‘Post-Caboclo’, CBF try to keep Tite and Copa America

'Post-Caboclo', CBF try to keep Tite and Copa America

The façade of the CBF building in Rio de Janeiro (Buda Mendes/Getty Images)

after the announcement of Removal of Rosario Caboclo, checked by Sexual and moral harassment reportsThe Brazilian Football Confederation (CBF) takes steps to keep Tite in charge of the Brazilian team and ensure that the Copa America is held in the country. information is from globe sports.

Under the command of Antonio Carlos Nunes, better known as Colonel Nunes, the political group that still has ties to Marco Polo del Niro, with its national team, CONMEBOL, South American Federations and Federal, also has rough edges. wants to work on. Government.

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According to journalists Gabriela Moreira and Martin Fernandez, there is an assessment that Tait has managed the crisis that has emerged in recent days well and the players are united with the coach, something that was evident during Selecao’s win over Ecuador last Friday. done. ), in a game valid for the 2022 World Cup Qualifiers.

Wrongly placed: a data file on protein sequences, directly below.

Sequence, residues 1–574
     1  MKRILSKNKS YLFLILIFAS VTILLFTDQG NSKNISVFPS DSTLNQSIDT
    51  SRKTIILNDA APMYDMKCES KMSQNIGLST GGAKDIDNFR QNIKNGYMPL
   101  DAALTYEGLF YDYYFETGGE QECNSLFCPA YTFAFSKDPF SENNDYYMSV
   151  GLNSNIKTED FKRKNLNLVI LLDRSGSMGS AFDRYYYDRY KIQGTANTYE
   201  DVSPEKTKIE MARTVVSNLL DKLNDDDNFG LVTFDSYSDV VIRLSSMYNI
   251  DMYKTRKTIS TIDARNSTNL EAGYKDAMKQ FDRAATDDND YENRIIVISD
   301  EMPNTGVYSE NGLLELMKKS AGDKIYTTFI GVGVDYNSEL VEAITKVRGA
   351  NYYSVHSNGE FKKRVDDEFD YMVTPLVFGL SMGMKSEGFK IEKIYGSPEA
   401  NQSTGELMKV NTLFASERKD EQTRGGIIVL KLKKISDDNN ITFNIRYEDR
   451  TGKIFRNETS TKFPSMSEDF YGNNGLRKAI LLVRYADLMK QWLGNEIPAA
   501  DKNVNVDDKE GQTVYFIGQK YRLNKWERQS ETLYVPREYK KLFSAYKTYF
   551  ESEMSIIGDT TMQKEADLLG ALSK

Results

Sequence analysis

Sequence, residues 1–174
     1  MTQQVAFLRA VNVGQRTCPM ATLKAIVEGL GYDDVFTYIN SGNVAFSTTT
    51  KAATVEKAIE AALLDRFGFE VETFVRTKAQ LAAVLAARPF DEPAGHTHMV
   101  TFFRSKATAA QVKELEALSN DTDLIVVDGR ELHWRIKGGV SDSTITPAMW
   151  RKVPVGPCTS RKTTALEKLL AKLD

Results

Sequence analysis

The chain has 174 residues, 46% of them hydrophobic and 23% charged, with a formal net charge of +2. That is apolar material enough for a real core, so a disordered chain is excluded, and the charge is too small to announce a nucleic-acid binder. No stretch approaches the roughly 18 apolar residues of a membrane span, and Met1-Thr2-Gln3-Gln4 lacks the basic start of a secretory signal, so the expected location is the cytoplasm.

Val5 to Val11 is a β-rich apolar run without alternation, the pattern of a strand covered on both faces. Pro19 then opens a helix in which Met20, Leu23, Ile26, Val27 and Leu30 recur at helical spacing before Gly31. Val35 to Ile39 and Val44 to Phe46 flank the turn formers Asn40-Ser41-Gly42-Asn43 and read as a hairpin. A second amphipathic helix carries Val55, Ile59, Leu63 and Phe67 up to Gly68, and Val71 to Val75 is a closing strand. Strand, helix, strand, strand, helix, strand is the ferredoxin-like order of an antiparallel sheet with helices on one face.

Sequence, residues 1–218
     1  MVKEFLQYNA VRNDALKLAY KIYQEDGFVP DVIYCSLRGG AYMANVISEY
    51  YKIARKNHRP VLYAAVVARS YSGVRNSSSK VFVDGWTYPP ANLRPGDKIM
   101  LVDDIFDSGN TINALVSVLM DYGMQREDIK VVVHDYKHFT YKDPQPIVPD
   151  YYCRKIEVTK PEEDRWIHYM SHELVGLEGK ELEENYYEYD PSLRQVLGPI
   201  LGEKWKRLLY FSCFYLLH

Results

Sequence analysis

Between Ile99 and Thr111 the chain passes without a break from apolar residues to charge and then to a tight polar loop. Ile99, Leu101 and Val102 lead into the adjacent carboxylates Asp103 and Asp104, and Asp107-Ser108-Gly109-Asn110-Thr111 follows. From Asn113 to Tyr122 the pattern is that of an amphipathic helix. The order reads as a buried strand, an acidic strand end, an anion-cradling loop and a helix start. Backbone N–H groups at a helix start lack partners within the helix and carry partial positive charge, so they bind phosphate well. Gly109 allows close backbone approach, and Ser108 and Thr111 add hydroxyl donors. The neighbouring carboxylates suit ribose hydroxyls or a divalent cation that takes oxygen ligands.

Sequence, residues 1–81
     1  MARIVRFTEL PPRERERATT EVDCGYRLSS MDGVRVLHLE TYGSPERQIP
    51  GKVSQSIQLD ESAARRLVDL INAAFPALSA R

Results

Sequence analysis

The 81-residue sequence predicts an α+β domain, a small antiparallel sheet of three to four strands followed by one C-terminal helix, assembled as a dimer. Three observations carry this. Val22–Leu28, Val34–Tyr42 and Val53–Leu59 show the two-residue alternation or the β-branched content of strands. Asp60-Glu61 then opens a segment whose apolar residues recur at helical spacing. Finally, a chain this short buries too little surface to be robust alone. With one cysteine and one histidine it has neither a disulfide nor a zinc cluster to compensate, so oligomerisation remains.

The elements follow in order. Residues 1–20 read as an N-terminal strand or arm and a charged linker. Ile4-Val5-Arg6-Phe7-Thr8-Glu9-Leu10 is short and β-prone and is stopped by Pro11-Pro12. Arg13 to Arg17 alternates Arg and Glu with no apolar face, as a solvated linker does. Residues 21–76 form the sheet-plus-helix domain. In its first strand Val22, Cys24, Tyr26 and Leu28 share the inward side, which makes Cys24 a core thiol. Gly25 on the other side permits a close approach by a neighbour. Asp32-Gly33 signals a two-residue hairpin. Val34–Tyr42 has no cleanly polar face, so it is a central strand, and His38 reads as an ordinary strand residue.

Over the weekend, speculation surfaced that Caboco had promised (non-party) president Jair Bolsonaro that he would fire Tite, who supports the players’ position of not playing in the Copa America. To make room for Renato Gaucho, a notorious supporter of Bolsonaro.

Who is the interim chairman of CBF?

Antonio Carlos Nunes, a retired colonel of Para’s Military Police, is 82 years old and has temporarily assumed the Confederation as the oldest vice-president of Caboco’s administration. This is not the first time he has run CBF.

From February 2017 to April 2019 he held the most important position in Brazilian football. Marco Polo joined after Del Niro was banned from football. When Cabocolo took office, he left.

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Before that, he had already spent 150 days in the role, in 2016, when Del Niro graduated after being indicted by US courts in the case, which became known as FIFAGate.

About the author: Sarah Gracie

Sarahis a reporter covering Amazon. She previously covered tech and transportation, and she broke stories on Uber's finances, self-driving car program, and cultural crisis. Before that, she covered cybersecurity in finance. Sarah's work has appeared in The Wall Street Journal, Bloomberg, Politico, and the Houston Chronicle.

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